Biodistribution of IgG antibodies and albumin fused drugs
FcRn is expressed intracellularly, and binds IgG taken up by fluid-phase endocytosis. It can then direct monomeric IgG to the surface of the opposite side of the cell (transcytosis) or to the side of entry (recycling). We study both processes using the natural ligands as well as engineered variants (Foss, J Control Release 2016). A new in vitro recycling assay designed by us predicts the behavior of designed FcRn-binding molecules in vivo in animal models (Grevys, Nat Commun 2017). Furthermore, we recently found that albumin is transcytosed efficiently from the apical to the basolateral side. We think this observation holds great promise for mucosal delivery of albumin based vaccines and therapeutics (Bern, J Control Release 2015).
All drug candidates must be tested in preclinical animal models, and in the case of albumin fused drugs this is complicated by the fact that rodent FcRn does not bind human albumin. Furthermore, human FcRn encoded by a transgene in mice binds the murine albumin very strongly, making it impossible for injected human albumin variants to compete for binding (Andersen, J Biol Chem 2013). Therefore, new transgenic mice are generated with human FcRn as well as human albumin by collaborator Derry Roopenian at the Jackson laboratory that hold great promise.
FcRn is the only Fc receptor required for transport of IgG across cellular barriers and placenta (Mathiesen, Blood 2013), and in collaboration with CIR guest professor Richard Blumbergs laboratory, we have found that it enhances antigen presentation and cross presentation in specialized dendritic cells (Baker, Pros Natl Acad Sci 2011). Furthermore, it directs albumin produced in the liver to the bloodstream, and away from the bile (Pyzik, Proc Natl Acad Sci 2017).
Intracellular antiviral immunity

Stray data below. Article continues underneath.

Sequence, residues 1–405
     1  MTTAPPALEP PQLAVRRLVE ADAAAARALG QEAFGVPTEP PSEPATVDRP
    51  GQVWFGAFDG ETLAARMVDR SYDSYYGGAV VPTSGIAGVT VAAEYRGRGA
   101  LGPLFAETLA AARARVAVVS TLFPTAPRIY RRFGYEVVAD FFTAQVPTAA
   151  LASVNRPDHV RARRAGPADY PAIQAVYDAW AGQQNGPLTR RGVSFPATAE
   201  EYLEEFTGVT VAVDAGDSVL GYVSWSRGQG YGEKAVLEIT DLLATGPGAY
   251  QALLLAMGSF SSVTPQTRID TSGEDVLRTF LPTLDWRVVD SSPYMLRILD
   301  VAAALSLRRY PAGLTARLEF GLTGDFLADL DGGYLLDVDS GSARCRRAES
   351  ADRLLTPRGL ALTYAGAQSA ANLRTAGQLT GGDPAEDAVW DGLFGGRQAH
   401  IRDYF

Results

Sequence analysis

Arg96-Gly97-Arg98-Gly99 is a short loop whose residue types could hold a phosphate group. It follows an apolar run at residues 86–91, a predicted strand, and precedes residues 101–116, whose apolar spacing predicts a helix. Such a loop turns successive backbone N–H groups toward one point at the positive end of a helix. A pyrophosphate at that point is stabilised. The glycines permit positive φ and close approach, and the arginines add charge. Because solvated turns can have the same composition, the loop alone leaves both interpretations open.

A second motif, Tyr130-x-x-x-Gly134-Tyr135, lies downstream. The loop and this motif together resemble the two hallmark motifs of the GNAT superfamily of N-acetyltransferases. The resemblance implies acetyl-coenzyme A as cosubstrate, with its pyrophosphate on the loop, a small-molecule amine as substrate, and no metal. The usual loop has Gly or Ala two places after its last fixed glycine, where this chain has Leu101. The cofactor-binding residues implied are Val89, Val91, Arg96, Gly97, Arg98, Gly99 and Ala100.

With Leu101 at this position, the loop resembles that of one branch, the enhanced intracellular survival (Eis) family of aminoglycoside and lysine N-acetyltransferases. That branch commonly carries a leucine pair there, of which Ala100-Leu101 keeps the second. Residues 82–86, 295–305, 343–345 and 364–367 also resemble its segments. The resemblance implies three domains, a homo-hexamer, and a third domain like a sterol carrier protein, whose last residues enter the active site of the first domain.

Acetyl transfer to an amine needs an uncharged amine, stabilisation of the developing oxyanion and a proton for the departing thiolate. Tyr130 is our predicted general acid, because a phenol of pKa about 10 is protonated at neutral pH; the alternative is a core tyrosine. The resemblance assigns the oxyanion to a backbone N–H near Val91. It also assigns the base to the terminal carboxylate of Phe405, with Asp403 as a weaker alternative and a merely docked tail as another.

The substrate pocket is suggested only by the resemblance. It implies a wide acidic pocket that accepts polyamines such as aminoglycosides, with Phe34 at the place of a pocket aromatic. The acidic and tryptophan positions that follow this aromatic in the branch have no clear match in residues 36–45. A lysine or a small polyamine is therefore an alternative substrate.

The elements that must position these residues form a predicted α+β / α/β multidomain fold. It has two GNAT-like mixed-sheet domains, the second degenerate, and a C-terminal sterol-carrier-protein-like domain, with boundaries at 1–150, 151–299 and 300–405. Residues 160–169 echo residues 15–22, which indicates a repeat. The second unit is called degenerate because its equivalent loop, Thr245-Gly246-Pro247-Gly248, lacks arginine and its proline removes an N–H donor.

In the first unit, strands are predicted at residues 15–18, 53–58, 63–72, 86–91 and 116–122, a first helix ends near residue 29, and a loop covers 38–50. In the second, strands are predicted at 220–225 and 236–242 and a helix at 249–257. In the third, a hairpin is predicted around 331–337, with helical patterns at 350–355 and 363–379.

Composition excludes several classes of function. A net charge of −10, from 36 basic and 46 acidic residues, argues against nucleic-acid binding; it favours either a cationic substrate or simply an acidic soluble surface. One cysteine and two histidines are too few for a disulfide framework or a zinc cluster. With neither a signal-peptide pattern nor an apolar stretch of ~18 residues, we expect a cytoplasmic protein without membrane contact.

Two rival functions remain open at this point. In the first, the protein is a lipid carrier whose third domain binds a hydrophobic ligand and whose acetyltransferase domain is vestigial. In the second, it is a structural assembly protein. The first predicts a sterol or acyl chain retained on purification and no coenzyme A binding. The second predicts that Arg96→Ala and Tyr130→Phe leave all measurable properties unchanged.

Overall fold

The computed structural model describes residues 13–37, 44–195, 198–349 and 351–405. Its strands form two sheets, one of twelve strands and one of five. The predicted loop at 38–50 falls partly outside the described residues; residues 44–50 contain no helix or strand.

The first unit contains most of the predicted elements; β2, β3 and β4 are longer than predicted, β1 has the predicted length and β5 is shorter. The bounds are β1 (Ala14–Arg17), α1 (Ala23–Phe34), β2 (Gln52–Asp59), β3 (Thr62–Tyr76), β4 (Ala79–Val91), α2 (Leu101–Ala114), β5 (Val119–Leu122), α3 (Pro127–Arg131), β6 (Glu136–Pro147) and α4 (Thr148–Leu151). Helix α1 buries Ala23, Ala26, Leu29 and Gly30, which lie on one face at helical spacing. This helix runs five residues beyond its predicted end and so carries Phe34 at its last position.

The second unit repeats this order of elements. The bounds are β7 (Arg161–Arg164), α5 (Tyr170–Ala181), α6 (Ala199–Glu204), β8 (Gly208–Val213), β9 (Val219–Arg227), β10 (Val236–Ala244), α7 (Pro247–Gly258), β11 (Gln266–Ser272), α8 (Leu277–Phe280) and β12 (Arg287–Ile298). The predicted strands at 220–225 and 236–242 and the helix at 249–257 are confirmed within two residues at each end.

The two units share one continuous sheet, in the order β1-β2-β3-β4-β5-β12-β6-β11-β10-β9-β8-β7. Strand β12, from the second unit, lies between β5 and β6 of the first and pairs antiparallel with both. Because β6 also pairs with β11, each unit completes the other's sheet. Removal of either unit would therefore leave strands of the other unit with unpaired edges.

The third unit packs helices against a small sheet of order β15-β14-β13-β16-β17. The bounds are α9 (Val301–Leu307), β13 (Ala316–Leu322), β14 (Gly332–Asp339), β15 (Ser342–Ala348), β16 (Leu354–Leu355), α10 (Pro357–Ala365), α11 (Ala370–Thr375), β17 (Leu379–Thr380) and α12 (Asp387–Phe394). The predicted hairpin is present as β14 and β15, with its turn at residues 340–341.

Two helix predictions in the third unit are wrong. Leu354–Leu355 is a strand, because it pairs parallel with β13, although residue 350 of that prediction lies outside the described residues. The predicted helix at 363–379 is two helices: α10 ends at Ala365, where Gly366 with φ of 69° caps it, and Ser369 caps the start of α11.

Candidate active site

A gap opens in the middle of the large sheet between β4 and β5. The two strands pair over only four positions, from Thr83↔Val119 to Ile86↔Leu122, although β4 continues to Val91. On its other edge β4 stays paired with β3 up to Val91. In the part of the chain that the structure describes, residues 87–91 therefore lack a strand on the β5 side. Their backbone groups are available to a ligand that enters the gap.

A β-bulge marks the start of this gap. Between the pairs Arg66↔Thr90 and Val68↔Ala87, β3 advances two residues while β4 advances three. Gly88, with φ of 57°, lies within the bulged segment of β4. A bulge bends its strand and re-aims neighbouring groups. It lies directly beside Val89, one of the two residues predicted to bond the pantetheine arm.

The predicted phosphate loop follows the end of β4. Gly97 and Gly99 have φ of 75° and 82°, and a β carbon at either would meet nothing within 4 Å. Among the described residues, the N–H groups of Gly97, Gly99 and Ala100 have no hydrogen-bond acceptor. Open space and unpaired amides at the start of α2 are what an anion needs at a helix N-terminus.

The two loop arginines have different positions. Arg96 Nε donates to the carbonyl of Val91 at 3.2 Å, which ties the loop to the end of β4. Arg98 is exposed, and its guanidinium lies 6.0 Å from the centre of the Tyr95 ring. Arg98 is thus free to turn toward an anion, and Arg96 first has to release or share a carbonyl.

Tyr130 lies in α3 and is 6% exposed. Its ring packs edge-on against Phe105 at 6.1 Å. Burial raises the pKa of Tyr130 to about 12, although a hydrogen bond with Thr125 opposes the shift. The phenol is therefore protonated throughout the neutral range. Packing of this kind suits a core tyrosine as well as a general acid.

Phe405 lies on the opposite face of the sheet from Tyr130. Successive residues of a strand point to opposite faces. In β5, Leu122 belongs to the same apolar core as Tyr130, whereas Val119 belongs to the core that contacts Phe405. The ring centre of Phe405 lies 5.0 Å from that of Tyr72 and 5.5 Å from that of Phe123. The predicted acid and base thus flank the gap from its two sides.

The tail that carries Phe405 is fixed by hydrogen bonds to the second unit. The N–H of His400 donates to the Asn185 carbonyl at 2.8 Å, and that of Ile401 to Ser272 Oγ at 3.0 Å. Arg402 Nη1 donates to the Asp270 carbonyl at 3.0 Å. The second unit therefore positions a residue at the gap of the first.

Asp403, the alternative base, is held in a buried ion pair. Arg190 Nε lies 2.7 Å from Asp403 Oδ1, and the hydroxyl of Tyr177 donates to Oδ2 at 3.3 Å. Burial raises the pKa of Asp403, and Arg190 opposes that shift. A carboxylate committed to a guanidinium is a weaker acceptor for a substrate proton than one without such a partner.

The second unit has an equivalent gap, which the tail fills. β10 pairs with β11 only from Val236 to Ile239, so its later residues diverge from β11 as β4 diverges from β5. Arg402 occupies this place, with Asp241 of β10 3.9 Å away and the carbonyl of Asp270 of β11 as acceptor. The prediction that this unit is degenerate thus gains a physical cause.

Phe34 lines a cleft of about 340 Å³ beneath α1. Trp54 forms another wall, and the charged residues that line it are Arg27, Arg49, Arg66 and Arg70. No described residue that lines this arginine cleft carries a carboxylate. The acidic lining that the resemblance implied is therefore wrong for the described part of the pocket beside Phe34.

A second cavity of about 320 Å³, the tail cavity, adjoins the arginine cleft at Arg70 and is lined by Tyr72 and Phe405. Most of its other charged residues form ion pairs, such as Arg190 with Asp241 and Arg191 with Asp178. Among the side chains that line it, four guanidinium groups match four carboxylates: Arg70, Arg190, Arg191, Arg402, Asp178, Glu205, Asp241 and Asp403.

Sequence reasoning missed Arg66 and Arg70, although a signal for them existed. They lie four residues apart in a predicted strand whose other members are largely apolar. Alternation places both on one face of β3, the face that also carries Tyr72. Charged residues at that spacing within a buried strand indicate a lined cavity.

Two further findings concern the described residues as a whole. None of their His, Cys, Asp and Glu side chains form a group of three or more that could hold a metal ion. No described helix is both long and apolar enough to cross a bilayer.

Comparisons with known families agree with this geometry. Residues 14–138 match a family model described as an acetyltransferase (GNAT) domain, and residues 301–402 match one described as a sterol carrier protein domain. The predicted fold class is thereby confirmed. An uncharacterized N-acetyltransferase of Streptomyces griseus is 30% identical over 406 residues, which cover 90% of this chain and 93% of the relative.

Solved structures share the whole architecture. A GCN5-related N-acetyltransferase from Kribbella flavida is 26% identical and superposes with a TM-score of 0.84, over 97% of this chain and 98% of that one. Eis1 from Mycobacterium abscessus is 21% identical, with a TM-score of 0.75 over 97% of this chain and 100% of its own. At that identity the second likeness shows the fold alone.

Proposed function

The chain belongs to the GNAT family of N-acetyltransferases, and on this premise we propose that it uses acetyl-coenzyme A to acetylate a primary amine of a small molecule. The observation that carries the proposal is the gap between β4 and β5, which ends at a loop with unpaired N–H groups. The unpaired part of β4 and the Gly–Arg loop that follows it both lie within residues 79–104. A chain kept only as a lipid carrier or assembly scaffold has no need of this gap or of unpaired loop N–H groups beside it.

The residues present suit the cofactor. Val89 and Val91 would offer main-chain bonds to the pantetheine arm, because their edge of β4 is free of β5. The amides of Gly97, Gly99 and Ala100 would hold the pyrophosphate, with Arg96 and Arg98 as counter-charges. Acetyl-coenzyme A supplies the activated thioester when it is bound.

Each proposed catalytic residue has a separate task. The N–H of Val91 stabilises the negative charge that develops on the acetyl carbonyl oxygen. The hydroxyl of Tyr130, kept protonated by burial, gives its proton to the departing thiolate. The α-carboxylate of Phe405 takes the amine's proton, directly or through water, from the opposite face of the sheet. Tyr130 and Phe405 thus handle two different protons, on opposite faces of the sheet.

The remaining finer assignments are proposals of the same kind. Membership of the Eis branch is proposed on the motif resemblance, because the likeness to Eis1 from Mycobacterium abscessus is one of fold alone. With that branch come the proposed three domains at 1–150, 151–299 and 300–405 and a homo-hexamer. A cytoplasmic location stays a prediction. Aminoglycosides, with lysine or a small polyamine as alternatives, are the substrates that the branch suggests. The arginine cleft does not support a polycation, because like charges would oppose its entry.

Antibodies are ley molecules in the fight against viral infections. Although previously thought to mediate protection in the extracellular environment, research by the group of Leo James (MRC-LMB) over the last 10 years has revealed that antibody mediated protection extends to the cytosolic compartment of non-professional cells. This post-entry viral defense mechanism is mediated by the cytosolic antibody receptor tripartite motif containing 21 (TRIM21). When viral pathogens bound by antibody enter the cytosol, TRIM21 is rapidly recruited and mediates a coordinated effector response that involve degradation of the viral particle in via the proteasome and induction of innate antiviral signaling.
In close collaboration with the James group we have studies the relationship between TRIM21 effector functions and antibody affinity. We found that while TRIM21 mediates efficient neutralization under suboptimal conditions, induction of innate signaling is balanced according to the functional affinity for the incoming immune stimuli (Foss et al., JI, 2016). This finding demonstrates that TRIM21 balances its signaling response to be proportionate to the viral treat while still being able to thwart infection.
The intracellular anti-viral defense mediated by TRIM21 relies on opsonized viral particles reaching the cytosol intact. However, the antibody-antigen binding properties required to elicit an efficient intracellular immune response has been unknown.
Using the co-crystal structure between a potently TRIM21-dependent neutralizing antibody and adenovirus 5 hexon, we together with the James group, used structure guided mutagenesis to generate antibodies with a wide range of affinities for the viral antigen. Using this system, we have defined the antigenic and kinetic constraints of TRIM21 function (Bottermann, Sci Rep, 2016).
CIR-contribution to studies
The Sandlie group was until recently a member of the Centre for Immune Regulation (CIR). Collaboration within CIR has clearly contributed greatly to the success of our projects.
The design of research tools and therapeutics was initially motivated by the needs of our collaborators, and their research interests then triggered us to ask new questions using the tools.
Furthermore, collaboration within a translational research environment, has motivated research with clinical relevance. The CIR guest professor program has been of particular importance for us, and we have benefited from the networking opportunities, the research collaboration and the guidance given by top international research leaders. Last, but not least, the long term funding has allowed us to undertake ambitious research projects.